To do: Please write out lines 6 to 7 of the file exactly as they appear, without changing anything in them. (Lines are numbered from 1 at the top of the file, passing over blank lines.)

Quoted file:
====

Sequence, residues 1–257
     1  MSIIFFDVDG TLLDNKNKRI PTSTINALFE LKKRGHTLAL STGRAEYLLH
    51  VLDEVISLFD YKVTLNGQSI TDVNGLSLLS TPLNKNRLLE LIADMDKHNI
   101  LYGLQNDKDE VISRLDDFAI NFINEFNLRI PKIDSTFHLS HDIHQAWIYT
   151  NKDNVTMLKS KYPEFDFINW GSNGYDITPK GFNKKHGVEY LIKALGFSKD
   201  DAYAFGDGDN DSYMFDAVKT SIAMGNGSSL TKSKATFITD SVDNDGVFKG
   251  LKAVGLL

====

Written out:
   201  DAYAFGDGDN DSYMFDAVKT SIAMGNGSSL TKSKATFITD SVDNDGVFKG
   251  LKAVGLL